Well, now as I got older I started helping my mother with the college cooking and I came to be just about as good a cook as my mama. I sure enjoyed working with her. But along about 1917 there just weren’t as many girls coming to the college. You know we had day students from around here in Harrodsburg come to school here also. There were all types of schools around here, little private schools in homes and churches, black and white. Everybody wanted their children to learn to read and write and do their numbers. Then the government decided it they were going to get in the school business and so along comes public schooling. A grand idea but it sure put Beaumont College out of business! Several people tried to start it up again but finally it just sat vacant. I would ride by on our pony (Oh by that time I had married John, my sweet, hard working John. He was a plasterer and a good one) to look at the old building. So sad, so many memories. Well, thank goodness, I had married because I and a lot of others were out of work now. I picked up a few cooking jobs here and there but then Miss Annie came to see me. Miss Annie Bell Goddard, I mean. See Miss Annie graduated from Daughters College (that was what it was called at first) then she went away with her husband, Nick, but he died so she came home. Then she taught at the College, that’s when I got to know her, she even became the Dean of Students, whatever that is. She was heart broken when the school closed. She just couldn’t bear it, but like I said she came to see me after that building had been sitting there vacant for a few years and said, “Hattie, Mr. Glave (that is Glave Goddard, her second husband, who happened to be her first husband’s brother. She didn’t married Mr. Glave until Mr. Nick had been dead for about 20 years) and I have bought the old college building and I need your help! We aren’t sure what we are going to do with it but we bought it!” Well, I went to help and so did Frank Smith who had helped take care of the farm at the college. We cleaned up rooms, Mr. Glave bought in some old furniture he would fix up (I heard some of it is still there) and we just started working. Then every so often some of the girls who had gone to school here started showing up, wanting to show their families where they went to school, wanted to talk to Miss Annie. We had to fix them up a place to sleep and feed them some supper and then a little breakfast. I got to start cooking again—I love to cook! Then one day I overheard Miss Annie and Mr. Glave talking about how they just couldn’t afford to do this any more. Miss Annie was saying “we have got to charge them something, we are living on a shoestring.” But Mr. Glave wasn’t for it, he was one for entertaining, having guests. Finally, Miss Annie talked him into it and they started calling the place Beaumont Inn. My little kitchen with a coal stove was right out in front, some people have told me it is the front room of some kind of gift shop that is there now. So I would cook and Frank Smith would come in from the barn and fields, wash up, put on a white coat and serve the folks in the parlor. Yes sir that was the dining room. That big room that they use for a dining room now, why Frank hung tobacco in there!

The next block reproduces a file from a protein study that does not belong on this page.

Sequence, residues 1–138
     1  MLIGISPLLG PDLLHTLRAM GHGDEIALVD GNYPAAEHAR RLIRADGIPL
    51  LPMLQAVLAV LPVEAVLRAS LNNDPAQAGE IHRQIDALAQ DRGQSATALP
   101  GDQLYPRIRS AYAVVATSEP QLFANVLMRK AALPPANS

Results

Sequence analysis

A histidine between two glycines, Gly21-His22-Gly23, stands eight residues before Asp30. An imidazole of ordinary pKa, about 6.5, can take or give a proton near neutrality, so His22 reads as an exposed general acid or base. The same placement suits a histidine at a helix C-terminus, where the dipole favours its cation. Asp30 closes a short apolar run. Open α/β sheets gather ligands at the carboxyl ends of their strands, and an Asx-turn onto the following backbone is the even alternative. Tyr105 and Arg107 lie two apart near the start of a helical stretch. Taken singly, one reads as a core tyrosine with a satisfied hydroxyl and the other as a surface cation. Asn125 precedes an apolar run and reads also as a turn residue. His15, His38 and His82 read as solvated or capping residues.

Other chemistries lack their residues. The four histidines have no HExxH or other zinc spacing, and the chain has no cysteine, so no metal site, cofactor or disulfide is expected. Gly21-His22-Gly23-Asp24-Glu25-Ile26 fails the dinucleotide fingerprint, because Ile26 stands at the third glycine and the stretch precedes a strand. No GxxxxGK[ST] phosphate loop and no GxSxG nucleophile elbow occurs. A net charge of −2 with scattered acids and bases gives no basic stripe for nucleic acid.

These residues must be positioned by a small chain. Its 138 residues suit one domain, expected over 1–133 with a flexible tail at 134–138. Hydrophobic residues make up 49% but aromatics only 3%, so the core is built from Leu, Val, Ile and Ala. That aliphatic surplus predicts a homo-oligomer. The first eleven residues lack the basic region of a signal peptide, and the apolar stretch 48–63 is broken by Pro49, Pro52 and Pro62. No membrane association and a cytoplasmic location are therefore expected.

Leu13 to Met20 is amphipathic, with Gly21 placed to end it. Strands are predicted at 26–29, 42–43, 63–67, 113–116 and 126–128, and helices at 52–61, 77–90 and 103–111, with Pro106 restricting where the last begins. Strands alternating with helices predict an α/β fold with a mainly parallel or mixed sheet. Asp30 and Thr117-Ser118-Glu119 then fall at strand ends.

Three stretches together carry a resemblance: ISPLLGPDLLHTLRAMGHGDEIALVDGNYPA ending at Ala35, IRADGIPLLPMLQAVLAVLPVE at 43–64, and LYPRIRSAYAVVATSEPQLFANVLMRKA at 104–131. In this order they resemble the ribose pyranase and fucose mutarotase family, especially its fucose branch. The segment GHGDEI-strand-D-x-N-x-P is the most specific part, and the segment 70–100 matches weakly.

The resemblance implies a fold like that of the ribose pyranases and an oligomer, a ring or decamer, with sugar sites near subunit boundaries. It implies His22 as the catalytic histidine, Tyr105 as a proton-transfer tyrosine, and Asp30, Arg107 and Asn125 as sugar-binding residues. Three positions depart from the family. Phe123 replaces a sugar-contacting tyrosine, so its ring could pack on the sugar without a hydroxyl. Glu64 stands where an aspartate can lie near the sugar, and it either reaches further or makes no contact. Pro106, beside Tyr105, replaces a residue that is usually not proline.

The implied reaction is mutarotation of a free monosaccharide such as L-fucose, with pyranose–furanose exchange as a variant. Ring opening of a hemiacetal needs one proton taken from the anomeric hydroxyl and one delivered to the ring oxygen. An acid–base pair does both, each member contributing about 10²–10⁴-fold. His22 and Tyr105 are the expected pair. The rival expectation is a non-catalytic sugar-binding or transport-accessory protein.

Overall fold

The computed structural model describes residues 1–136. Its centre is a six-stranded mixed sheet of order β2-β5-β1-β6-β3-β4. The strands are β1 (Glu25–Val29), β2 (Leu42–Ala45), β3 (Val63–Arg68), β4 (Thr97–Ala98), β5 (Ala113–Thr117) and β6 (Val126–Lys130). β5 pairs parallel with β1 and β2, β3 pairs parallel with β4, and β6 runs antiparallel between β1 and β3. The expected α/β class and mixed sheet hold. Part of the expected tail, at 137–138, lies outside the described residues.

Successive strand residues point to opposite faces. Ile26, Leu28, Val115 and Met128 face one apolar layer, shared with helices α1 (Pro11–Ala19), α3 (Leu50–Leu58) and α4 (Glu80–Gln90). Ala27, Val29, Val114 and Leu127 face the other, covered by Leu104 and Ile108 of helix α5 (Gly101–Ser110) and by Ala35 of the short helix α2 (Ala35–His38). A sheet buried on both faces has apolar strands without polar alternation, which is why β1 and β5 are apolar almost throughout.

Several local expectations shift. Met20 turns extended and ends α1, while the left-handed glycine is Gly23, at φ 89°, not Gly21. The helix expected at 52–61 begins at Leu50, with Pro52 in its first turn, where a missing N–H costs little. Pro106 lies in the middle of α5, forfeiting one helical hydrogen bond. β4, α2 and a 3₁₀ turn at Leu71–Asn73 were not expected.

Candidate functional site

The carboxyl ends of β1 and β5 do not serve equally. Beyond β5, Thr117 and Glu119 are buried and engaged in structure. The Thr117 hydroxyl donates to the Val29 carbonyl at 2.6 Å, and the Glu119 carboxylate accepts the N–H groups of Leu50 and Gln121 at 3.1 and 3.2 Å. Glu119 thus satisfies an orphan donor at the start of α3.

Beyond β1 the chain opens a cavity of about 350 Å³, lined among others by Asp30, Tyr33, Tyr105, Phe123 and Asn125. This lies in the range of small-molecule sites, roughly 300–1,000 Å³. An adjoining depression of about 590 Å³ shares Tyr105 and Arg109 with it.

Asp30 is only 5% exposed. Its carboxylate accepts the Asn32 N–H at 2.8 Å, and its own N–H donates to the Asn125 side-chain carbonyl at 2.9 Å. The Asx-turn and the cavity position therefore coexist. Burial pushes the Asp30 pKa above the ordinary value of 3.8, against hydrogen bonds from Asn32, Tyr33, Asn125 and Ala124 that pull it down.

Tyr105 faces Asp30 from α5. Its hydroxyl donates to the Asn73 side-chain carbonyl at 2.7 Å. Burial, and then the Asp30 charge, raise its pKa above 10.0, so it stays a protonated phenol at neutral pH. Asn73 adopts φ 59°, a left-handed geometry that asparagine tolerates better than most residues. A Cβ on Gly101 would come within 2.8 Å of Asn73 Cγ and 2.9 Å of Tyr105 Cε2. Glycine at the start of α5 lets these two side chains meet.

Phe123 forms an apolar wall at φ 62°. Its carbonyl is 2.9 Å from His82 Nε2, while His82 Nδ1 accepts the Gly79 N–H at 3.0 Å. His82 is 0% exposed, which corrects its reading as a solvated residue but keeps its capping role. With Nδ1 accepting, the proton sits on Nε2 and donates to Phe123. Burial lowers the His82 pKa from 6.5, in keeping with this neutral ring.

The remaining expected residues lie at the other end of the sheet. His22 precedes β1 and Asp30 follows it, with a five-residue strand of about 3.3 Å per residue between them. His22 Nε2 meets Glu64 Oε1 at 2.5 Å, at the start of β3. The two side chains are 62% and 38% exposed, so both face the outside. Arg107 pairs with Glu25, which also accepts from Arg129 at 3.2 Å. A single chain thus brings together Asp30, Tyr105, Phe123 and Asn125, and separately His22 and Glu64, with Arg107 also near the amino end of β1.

It went on like this for awhile and Frank and I overheard Miss Annie talking to Mr. George Alfred Curry. Everyone knew who he was, fine man who lived on the corner there of Beaumont, big white house. I believe it became a funeral home. (Doris if anyone asks, it’s where McClellan funeral home was, Johnson’s own it now.) Oh Mr. Curry and his wife were nice folks and had done real well in insurance up in Ohio somewhere. He was calling Miss Annie to ask her to feed some guests he was having here in Harrodsburg. He had heard we were serving some fine food and he wanted to bring them to us. She kept saying no, we just can’t and hung up. Well, Frank and I said, “Miss Annie, we can do that, we can. You just call him back, we can do it. We have been feeding all those other folks.” She did call him back, he came, his guests and he and his wife loved every bite! So you see Frank and I talked Miss Annie into serving folks good old cooking and I hear tell Beaumont Inn is still serving food to travelers today. We were all a team in those days, cooking, cleaning, working hard. But I was getting older and more and more people started coming so I retired. Wanted to spend some time with my husband. But that didn’t last long, Miss Pansy Poe out on Shawnee Farm called and wanted me to cook for her. Miss Pansy could make me laugh, and she did like to eat! It was easy there, not as many people to cook for and I pretty much decided what I wanted to cook, Miss Pansy liked it that way.
Then John passed away and I was getting more and more tired. You know John and I never had children and I missed that.
On April 5, 1950 I was just so tired I didn’t wake up. I got a little write up in the newspaper (back then they didn’t put much in the paper about colored folks.) Let’s see it said “Hat Crutcher died Wednesday at her home on West Broadway. She was one of Harrodsburg’s most beloved Negro citizens and had a host of friends among the white people.” I think that was nice, I did have a lot of friends black and white and I am proud of my hard work throughout the years.